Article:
Though our guts contain a trillion bacteria in various compositions, it's become popular to claim any detectable change is a bad thing. Unless it is to sell yogurt, where no detectable change is regarded as a probiotic good thing.

Now even at the nano- level. A new study claims ultra-small particles adhere to intestinal microorganisms, thereby affecting their life cycle as well as cross talk with the host. Nanoparticles’ binding inhibits the infection with Helicobacter pylori, a pathogen implicated in gastric cancer and the authors hope this could the development of potential 'probiotic' nanoparticles for food. Homeopaths are cheering.

 The authors state that due to their minute size, nanoparticles may have unique characteristics and capabilities, such as adhering to microstructures. Nutrition strongly influences the diversity and composition of our microbiome, often to no real effect though in rare cases to detrimental effect, which set off the probiotic craze much like a study of 12 people set off the gluten-free fad. In this case 'microbiome' describes all colonizing trillion microorganisms present in a human being, in particular, all the bacteria in the gut, but can also be microorganisms that colonize your skin, mouth, and nasal cavity.

Silica nanoparticles adhering to an intestinal bacterium visualized by atomic force microscopy. Credit: Stauber Group, Mainz University Medical Center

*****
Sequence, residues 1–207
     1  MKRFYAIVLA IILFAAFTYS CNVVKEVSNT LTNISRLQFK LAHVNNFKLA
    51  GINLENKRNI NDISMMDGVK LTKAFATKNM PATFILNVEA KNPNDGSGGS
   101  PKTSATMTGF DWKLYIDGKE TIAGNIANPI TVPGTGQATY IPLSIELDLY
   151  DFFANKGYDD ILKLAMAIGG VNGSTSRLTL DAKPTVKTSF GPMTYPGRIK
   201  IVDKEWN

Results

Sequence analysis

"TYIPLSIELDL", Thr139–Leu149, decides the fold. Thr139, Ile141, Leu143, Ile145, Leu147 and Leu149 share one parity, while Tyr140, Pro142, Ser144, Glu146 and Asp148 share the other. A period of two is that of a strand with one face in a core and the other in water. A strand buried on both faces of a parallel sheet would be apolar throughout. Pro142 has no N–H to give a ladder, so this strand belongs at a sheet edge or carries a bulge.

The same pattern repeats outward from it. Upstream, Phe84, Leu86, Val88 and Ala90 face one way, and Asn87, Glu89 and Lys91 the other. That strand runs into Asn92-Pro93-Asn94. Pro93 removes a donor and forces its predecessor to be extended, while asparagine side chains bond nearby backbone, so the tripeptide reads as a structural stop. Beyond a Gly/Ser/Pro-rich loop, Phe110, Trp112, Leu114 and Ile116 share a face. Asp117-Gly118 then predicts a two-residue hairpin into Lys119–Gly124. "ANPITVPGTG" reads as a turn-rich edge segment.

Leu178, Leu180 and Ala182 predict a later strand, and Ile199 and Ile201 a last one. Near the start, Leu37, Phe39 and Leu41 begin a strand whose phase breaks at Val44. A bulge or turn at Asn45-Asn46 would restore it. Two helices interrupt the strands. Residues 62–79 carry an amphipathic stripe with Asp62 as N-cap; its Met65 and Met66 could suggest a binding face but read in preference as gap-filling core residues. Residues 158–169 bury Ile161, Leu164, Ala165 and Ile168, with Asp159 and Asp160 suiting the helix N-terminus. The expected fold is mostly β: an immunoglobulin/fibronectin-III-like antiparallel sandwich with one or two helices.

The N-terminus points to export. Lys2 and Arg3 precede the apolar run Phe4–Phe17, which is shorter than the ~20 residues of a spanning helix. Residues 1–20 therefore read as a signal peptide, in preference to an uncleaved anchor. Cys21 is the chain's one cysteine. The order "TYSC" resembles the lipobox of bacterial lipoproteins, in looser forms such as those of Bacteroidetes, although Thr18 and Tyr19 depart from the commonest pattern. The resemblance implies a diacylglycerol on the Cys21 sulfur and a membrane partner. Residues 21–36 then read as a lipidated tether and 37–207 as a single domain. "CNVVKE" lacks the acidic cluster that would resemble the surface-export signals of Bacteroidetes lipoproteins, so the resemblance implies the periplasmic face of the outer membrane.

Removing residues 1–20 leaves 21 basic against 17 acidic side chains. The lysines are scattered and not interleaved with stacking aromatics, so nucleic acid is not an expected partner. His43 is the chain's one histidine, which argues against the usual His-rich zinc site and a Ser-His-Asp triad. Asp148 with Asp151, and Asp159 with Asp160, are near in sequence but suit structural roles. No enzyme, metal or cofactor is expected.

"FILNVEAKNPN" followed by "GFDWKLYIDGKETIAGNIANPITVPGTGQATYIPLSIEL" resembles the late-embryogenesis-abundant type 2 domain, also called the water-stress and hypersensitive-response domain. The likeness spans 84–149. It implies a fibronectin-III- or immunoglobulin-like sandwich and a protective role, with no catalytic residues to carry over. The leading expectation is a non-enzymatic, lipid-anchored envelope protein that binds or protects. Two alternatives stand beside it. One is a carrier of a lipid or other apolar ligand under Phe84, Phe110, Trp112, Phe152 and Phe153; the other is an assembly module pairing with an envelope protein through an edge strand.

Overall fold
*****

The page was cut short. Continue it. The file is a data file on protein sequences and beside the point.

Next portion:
Probiotic supplement sales people claim they can boost your immune system, metabolism, vascular aging, cerebral functioning, and fix your hormonal system, if you believe that you are being overrun with endocrine disrupting chemicals or other homeopathic effects.  Some even claim the microbiome is linked to cardiovascular diseases, cancer, allergies, obesity, and mental disorders.

Given that is causes and cures everything where a statistician has chosen to look, the authors sought to see whether and how nano-additives directly influence the gastrointestinal flora - on a computer. They simulated the journey of particles through the different environments of the digestive tract in the laboratory and a paper was born.

The scientists estimate that these binding processes can have different outcomes. Nanoparticle-bound microorganisms were less efficiently recognized by the immune system, which may lead to increased inflammatory responses but 'nano-food' showed beneficial effects. In cell culture models, silica nanoparticles inhibited the infectivity of Helicobacter pylori, which is considered to be one of the main agents involved in gastric cancer.

Get ready for a whole lot of Probiotic labels to show up on Pink Himalayan Salt containers in Whole Foods.

Citation: S. Siemer et al., Nanosized food additives impact beneficial and pathogenic bacteria in the human gut: a simulated gastrointestinal study, npj Science of Food 2:22, 4 December 2018, DOI:10.1038/s41538-018-0030-8